Sometimes (a lot of times), we look in the mirror only to see a monstrosity staring back at us instead of a person. “I am hideous,” you think to yourself, almost automatically. “My arms are too fat, my face too round, and my thigh ‘gap’ would be better described as a fleshy bridge.”
That’s why we invented fictional monsters in the first place: to externalize the internal disgust we felt about ourselves on a daily basis. It’s probably no coincidence that Stoker’s virile, animalistic Dracula started snatching up all the fair ladies of London during a time period that made men feel ashamed for even entertaining the idea of a sexual thought. And keep in mind that natural causes didn’t lead to the creation of Frankenstein’s monster, either. Science did, all while the enlightenment period was raging on in Mary Shelley’s actual world.
Without even realizing it, we learn to embrace—maybe even love—our inner demons through the monsters that entertain us. They speak to us, supplying a wild twinge of fear, repulsion, and irresistibility that keeps us coming back for more. And perhaps some of that can explain why Chantal Moosher‘s Monster Dress Up is so fun to play.
As a genre usually steeped in beauty ideals and the male gaze—while simultaneously serving as some of the only socially acceptable videogames for young girls to play—the dress-em-up game holds a special, twisted place in my heart. I remember being ten and begging my mom to stop by our local GameStop. If the gods smiled upon me that day, she’d turn in with a sigh. Obviously, as a kid, I didn’t have enough of my own money to get many new games. But I knew if I could just defend the game’s productive value well enough, that my mom might consider coughing up the twenty bucks for the CD-ROM. I didn’t know about reviews back then, so I usually went in blind. As it so happens, Barbie dress-em-up games proved to be particularly easy gets. My mom felt much more comfortable buying her daughter pink Barbie computer games (most likely hoping it might help her hapless, indoor kid daughter develop some fashion sensibilities) than, say, Quake. At home, it was either enjoy the Barbie dress-em-up game, or play my 453,000th hour of The Sims. So Barbie it was.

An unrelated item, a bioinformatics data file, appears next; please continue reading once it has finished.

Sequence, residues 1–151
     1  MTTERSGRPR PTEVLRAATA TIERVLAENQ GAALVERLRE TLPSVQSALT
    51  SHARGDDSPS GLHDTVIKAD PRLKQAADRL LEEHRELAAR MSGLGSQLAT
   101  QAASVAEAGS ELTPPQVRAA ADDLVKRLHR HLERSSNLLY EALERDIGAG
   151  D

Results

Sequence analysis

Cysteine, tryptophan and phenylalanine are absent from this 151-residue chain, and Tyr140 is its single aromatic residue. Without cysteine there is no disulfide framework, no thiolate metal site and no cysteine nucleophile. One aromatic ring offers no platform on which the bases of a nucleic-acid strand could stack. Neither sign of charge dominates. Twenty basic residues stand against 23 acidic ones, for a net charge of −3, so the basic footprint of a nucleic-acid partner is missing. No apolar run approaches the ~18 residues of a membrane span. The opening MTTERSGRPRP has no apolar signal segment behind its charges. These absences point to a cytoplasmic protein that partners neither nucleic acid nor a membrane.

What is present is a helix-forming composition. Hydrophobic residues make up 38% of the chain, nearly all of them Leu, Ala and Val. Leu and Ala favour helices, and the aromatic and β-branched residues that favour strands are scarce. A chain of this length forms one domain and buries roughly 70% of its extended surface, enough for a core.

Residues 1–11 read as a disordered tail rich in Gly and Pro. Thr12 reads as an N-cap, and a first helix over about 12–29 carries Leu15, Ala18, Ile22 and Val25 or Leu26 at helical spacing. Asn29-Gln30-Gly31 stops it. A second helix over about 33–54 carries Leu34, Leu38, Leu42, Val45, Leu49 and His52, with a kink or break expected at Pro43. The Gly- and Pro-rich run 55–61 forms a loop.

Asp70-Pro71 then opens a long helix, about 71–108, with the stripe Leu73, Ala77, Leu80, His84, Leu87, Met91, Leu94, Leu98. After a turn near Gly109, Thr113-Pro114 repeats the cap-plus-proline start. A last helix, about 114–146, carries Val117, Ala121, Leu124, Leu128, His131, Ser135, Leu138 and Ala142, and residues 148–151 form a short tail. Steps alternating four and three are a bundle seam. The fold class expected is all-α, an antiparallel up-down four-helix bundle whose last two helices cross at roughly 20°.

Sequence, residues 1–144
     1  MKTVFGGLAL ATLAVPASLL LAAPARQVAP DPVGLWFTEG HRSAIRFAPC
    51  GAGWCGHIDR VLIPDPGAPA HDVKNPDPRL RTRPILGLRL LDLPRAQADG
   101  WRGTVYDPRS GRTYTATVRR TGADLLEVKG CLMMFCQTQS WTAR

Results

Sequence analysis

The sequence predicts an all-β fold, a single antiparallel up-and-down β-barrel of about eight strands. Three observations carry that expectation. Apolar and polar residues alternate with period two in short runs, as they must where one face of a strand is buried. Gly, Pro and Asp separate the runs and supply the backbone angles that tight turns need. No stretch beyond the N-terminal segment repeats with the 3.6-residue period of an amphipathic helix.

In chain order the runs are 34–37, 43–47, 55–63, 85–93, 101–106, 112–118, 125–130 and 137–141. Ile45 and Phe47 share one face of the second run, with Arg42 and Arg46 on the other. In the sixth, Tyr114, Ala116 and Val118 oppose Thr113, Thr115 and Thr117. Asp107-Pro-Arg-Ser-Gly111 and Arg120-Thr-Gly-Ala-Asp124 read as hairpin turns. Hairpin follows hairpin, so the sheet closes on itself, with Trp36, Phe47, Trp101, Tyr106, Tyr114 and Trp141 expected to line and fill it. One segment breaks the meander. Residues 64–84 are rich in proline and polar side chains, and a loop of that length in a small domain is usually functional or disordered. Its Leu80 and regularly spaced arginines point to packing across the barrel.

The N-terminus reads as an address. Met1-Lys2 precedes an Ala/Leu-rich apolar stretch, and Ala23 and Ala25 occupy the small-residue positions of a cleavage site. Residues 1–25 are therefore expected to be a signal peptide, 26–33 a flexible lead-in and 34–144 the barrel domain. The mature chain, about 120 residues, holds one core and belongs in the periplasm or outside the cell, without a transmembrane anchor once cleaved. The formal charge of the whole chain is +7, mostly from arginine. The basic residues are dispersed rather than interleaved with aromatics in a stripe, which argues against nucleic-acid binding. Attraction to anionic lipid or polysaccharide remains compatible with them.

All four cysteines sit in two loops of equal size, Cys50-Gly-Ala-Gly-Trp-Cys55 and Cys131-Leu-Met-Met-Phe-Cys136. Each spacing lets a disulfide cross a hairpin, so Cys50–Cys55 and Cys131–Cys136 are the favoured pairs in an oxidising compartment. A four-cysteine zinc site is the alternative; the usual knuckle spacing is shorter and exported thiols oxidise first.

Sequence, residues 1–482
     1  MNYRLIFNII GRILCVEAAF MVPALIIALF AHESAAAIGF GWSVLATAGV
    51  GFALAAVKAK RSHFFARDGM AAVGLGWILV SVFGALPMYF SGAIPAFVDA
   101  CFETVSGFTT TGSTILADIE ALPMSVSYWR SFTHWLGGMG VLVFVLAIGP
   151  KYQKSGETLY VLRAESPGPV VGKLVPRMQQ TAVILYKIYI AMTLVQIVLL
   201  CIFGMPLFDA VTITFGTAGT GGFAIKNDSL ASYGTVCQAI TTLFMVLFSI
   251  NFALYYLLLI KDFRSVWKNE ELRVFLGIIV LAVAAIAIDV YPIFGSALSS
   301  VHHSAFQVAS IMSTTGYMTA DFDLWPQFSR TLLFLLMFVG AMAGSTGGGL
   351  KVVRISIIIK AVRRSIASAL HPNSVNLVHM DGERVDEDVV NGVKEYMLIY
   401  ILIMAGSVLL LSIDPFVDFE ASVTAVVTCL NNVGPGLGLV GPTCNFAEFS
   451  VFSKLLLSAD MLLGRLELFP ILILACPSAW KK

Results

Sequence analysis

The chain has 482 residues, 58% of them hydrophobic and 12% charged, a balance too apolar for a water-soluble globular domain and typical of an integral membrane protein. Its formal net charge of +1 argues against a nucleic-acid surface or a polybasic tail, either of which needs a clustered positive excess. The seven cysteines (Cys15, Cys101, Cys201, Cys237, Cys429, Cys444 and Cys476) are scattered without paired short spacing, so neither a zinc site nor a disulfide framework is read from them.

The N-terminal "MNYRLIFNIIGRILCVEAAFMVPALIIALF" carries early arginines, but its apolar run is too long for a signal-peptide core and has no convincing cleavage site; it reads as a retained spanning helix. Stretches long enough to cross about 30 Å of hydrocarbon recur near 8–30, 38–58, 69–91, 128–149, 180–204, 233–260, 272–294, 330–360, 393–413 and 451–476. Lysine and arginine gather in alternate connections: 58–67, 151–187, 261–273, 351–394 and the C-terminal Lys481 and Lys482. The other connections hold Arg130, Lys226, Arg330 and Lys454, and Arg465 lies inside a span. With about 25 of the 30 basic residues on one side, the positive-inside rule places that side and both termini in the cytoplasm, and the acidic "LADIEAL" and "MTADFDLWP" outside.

I find so much of that tortured relationship in Monster Dress Up. Instead of an underage avatar of physically impossible thinness in her bra and underpants, this dress-em-up game presents you with a relatably shaped, yet fabulously monstrous model. You can pick from any number of skin textures, outfits, wings, hairstyles, and horns. As a true embrace of the monstrous (and not more of that My Slutty Halloween Bratz Doll® bullshit), Monster Dress Up allows you to embrace whatever fucked up psychological damage you might’ve been dealt from the dress-em-up games as a little girl. And goddamn does it feel healing.
Back in the day, one of my biggest (conscious) critiques of dress-em-up games was that they never got curly hair right—if they bothered including it at all. So even though I’d customize the avatar in my likeness in every other way, I always gave her stick straight hair. In my eyes (and in the game’s, and by extension the world’s, eyes), she looked more fashionable that way. While making my diva monster, I gave her the biggest, wildest, most untamable afro available. Now, I envy my dragon-cat monster-girl her luscious mane, and find her exponentially more beautiful for it.